I always get the beer-battered cod (though perch is also on the menu). It’s served piping hot — almost too hot to eat, which is fantastic. There’s nothing worse than soggy fried food (in the world of fish fry, I mean).

The crinkle-cut fries were also good (and ridiculously hot). But here’s the thing that just might elevate O’Donoghue’s above the rest: the bread.

Two marbled slices of rye, already buttered. We could not stop talking about it. Though it’s good manners to break off a small piece of bread and then butter it, wouldn’t the world be a better place if someone buttered our bread for us?

Being a creature of habit, I will likely forgo other respectable fish frys because I’m happy with O’Donoghue’s. But I’ll keep reading Beth’s blog, just in case.

Wednesday, December 2, 2009

Oh no Papa, not the strudel and the rolls.

My mom makes a wonderful Thanksgiving dinner: turkey, stuffing, mashed potatoes, and Brussel sprouts. (I brought some homemade cranberry sauce and a cranberry-pear pie.)

The bread is one of the highlights of the meal. Mom bakes these rolls that are the standard against which I measure other rolls: firm crust, fluffy insides, buttery goodness and a hint of sweetness. I always eat two rolls at dinner. Because if I slice one in half, I don’t know whether to eat the top or the bottom. (It never occurs to me to cut it vertically.)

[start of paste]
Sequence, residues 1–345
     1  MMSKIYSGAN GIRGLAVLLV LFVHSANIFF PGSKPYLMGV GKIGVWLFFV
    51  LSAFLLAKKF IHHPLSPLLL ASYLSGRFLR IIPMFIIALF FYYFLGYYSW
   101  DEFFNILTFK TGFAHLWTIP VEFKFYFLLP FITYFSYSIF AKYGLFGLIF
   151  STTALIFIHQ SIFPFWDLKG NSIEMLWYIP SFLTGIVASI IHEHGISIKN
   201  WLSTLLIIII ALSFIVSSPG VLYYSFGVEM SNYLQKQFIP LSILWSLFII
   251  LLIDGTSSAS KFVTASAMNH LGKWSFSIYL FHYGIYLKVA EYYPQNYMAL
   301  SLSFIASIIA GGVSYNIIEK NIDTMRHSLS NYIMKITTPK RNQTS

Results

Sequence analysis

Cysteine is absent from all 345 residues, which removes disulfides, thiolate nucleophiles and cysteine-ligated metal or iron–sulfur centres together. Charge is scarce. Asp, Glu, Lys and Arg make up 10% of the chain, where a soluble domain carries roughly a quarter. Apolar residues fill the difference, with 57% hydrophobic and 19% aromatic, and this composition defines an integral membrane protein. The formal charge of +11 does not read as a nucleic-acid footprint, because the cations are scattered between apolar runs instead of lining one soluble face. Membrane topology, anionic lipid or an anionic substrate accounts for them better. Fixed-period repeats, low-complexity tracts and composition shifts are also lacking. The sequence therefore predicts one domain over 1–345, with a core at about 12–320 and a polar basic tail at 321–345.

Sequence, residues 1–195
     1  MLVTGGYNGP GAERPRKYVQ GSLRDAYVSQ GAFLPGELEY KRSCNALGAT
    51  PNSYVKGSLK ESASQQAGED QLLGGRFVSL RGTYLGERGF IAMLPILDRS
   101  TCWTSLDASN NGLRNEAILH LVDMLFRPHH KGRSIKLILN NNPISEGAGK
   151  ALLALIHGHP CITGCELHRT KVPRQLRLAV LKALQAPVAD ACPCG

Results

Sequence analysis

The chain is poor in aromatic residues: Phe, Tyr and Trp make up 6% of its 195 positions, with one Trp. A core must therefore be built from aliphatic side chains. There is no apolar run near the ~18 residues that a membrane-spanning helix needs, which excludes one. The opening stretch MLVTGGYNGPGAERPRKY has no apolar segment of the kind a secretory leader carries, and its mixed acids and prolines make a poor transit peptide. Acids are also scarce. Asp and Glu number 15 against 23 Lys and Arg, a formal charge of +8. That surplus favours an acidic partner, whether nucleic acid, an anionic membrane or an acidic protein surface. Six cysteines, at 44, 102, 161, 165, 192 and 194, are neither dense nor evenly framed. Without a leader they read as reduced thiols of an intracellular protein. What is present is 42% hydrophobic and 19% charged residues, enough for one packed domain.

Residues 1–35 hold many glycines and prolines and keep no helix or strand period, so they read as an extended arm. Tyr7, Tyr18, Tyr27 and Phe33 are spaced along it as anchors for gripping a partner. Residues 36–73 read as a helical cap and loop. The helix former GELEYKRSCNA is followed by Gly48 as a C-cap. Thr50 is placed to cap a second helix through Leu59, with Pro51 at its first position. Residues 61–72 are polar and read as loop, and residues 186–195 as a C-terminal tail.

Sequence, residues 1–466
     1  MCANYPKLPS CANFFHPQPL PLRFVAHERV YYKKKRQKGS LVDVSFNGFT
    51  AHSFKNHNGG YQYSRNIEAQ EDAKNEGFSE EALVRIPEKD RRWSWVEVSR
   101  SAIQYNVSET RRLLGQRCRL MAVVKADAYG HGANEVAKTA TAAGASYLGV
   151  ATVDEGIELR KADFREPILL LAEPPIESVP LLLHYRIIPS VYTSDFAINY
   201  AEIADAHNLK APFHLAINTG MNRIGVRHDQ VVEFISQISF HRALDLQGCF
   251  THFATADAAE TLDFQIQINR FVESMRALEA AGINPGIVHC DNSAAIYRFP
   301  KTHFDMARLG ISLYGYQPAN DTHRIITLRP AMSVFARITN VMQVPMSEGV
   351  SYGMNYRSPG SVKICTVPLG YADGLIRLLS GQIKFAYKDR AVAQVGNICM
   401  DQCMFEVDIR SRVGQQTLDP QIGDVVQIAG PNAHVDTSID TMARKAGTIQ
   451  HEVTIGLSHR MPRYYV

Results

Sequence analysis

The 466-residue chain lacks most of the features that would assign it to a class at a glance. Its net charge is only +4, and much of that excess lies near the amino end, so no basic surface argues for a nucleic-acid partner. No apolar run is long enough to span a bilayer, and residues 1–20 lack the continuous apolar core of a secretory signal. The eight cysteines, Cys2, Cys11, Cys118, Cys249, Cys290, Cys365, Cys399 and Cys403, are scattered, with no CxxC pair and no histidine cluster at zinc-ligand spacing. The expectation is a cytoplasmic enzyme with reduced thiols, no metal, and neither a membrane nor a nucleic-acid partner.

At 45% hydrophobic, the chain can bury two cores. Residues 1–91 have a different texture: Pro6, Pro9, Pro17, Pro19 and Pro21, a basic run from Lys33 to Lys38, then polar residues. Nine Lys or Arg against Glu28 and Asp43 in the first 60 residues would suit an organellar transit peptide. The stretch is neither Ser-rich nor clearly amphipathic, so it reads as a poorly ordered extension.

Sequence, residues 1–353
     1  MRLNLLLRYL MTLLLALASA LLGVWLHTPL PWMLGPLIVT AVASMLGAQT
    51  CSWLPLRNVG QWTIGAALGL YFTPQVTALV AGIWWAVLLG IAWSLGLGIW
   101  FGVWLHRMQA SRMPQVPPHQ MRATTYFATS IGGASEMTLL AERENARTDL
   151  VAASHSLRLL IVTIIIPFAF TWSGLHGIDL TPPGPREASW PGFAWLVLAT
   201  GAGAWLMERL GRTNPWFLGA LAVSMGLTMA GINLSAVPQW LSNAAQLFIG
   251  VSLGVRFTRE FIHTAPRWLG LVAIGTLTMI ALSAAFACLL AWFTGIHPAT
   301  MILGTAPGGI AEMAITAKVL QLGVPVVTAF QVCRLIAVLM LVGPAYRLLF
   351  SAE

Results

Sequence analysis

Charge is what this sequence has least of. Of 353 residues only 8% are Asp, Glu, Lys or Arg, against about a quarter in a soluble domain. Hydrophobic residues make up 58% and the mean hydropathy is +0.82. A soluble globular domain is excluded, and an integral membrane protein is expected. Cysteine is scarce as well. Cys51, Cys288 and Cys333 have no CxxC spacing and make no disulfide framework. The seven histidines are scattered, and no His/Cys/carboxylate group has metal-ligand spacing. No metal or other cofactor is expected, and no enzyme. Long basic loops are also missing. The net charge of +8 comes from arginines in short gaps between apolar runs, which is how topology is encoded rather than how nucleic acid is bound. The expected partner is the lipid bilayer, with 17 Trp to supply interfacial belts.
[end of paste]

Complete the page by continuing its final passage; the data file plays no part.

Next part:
I managed to eat another roll as an after-dinner snack. And I was looking forward to eating my other leftovers, too. Maybe I’d make a turkey sandwich on one of those rolls.

Except Papa outsmarted me. Again. Pulled the plastic bag from the counter, ripped it open, and ate the two rolls. I didn’t photograph her handiwork, but I do have these photos from a couple of weeks ago, when she busted into a sealed container for some strudel.

My dad gave captions to the three photos:

“I’m innocent!”
“I’m guilty!”
“I’m going to jail.”

Saturday, November 28, 2009

Secret foods

Alimentum recently posted their readers’ secret foods. Some, like microwaved cheese (which I’ve made accidentally) or frozen Snickers mixed with Cool Whip, sound sort of appealing. They’re like Doritos with sour cream: excessive yet satisfying.